Returning to work at the children's hospital has been a conflicting storm of memories and new experiences. My last three years there were spent in the hallways and trauma rooms of the emergency department - my dream job, the one I fought for and interviewed for fearlessly. I was determined to work there eventually, from the moment I turned to the recruiter in the elevator and told him I'd take any job they offered me - days or nights, inpatient or anywhere else. I just wanted my foot in the door.
Working in the ER was exhilarating and terrifying and wild and infuriating and hilarious - sometimes all in the span of caring for the same kid. I grew up out of my gangly, awkward new nurse stage and became confident in my skills and abilities. Sadly, towards the end of my time there, I also became burnt out - short-fused and unable to cope with the high-level stress I encountered on a daily basis. At just the right time, I stepped away from it all, to the other side of the world, to deal with a whole new set of challenges.
I loved it. I loved the sense of doing work that was intense and challenging and life saving. I loved the days when the most complicated issue I dealt with was sucking snot out of a kid's nose or teaching a teenager to walk on crutches. I thrived on the adrenaline rush of standing in the room with the other staff, tensely waiting for the ambulance to arrive. I never knew what the day would hold. I only knew that the families walking in through the doors could be facing life-shattering situations, and I had the chance to help them through it.
But when we moved back to Kansas City, I knew I wouldn't go back - at least not yet. And that has been so hard for me. Because sometimes the healthiest place for you to work isn't where you expected to end up.
Moving back from Cambodia with a baby in tow and three years' worth of baggage and memories to process kept me in survival mode for months. I prayed and asked God a job that would be what I needed at this moment in my life - challenging but not exhausting; varied but not stressful; part-time but still enough to support our needs.
And God has given me the perfect job for this season of life - working with teenagers and helping run an outreach clinic at an emergency youth shelter. I get three half-days a week off; it's still in the children's hospital system; and it's in a work environment so life-giving and nurturing, I already claim the other nurses as part of my family. My days are filled with giving vaccines, managing appointments, and educating teens about all sorts of health issues. I love it. But I still miss my old life.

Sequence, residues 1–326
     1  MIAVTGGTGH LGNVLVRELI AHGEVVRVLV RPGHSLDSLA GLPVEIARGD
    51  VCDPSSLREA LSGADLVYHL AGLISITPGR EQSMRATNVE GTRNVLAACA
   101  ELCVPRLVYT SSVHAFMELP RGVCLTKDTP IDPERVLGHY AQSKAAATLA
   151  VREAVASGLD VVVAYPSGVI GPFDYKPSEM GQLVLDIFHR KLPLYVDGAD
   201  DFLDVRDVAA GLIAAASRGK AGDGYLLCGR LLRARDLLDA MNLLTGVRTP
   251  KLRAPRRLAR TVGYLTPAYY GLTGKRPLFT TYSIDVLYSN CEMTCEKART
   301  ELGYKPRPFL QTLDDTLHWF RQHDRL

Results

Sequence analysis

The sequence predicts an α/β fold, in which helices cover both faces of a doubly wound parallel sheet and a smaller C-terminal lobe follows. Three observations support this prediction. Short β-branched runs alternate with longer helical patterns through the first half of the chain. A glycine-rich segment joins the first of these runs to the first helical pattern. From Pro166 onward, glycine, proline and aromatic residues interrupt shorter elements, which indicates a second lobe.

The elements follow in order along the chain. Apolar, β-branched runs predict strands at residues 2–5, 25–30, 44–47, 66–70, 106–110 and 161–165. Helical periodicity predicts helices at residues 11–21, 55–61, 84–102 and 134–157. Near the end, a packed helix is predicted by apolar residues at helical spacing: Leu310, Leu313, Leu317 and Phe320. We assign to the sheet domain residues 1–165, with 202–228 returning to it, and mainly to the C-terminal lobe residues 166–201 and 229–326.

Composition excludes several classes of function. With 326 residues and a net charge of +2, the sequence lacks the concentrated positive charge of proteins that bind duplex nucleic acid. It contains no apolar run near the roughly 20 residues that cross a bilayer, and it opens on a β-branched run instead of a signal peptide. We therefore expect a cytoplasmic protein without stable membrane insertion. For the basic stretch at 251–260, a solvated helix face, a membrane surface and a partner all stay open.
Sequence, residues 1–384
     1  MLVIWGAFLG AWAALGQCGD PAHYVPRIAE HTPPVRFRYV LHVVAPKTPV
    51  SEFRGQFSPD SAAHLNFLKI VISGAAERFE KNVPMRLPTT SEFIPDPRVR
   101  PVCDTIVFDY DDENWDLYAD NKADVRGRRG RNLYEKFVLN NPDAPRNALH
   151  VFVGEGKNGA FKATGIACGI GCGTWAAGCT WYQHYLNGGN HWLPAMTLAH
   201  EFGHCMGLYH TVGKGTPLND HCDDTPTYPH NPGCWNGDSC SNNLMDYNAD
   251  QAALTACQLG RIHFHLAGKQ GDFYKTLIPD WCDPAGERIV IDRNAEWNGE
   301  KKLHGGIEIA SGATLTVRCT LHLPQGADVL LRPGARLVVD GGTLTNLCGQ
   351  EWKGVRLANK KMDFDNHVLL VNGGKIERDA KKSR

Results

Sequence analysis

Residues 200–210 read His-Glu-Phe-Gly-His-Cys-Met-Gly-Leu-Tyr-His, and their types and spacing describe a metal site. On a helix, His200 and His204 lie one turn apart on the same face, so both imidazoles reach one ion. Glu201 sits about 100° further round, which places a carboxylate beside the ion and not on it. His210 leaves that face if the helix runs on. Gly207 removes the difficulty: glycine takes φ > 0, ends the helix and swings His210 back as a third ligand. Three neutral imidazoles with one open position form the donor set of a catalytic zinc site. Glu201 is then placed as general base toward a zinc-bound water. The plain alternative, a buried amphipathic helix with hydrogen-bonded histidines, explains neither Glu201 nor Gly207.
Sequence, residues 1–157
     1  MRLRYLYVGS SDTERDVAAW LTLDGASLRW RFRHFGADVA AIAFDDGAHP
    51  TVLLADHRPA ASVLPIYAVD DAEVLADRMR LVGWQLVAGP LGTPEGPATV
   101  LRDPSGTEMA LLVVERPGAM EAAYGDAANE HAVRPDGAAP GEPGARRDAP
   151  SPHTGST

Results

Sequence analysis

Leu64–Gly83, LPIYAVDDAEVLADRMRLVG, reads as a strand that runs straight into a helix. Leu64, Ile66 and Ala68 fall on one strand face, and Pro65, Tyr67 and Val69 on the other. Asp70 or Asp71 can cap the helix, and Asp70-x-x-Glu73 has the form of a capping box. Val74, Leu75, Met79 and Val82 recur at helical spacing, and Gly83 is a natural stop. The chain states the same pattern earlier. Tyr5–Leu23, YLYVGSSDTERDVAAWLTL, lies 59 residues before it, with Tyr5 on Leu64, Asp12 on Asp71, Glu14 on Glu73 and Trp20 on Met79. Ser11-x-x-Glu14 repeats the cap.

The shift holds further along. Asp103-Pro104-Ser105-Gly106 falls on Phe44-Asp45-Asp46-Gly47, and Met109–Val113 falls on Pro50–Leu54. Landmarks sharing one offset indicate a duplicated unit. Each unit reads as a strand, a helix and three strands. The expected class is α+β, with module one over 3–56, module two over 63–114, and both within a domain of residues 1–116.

This week I went to the main campus to join the employee service recognition awards - a cumulative five years' of work at the hospital for me. Every time I pull into the front drive of the towering brick building and start the long, circular descent into the parking garage, I have flashbacks to my nights in the ER. I followed the path I had taken hundreds of times towards twelve hours of unknown joys and sorrows. I tried to swallow down the lump in my throat and ignore the twinge in my stomach that pulled me to my old stomping grounds. I didn't belong there right now.
Sometimes when life expands and pushes our boundaries, we have to cut down on something else to let it grow. And no one ever explained to me that working as a mother involves a lot of gray areas. It's not just the question of "if" you work. It also matters where you work, and what kind of work you give yourself to.
I don't have the margin - emotionally, physically, or time-wise - to devote to being an ER nurse, like I did before Cambodia. When I come home, there is a little boy and an amazing husband who want to have something left of me to enjoy. And I want to be able to give that time and attention and energy to them. Moving back to America left me with no margin at all. And God saw that and gave me what was good.
I'm sharing this small part of my story because maybe you're struggling with deciding how to work as a mom and still have time to be a mom. It matters deeply the kind of work you choose. You might have to set aside your pursuit of a dream career if it drains you til you have nothing left to give to the people most sacred in your life.
A "no" right now doesn't mean "no" forever. Life is constantly shifting and changing and as we move with it, our passions may also shift. And sometimes, we circle back around to the thing we loved and left, and realize it's time to step back into it.
So take heart. God sees what you're letting go of, in order to love your family well. It's not a waste. It's not an empty choice. It will be worth it in the end.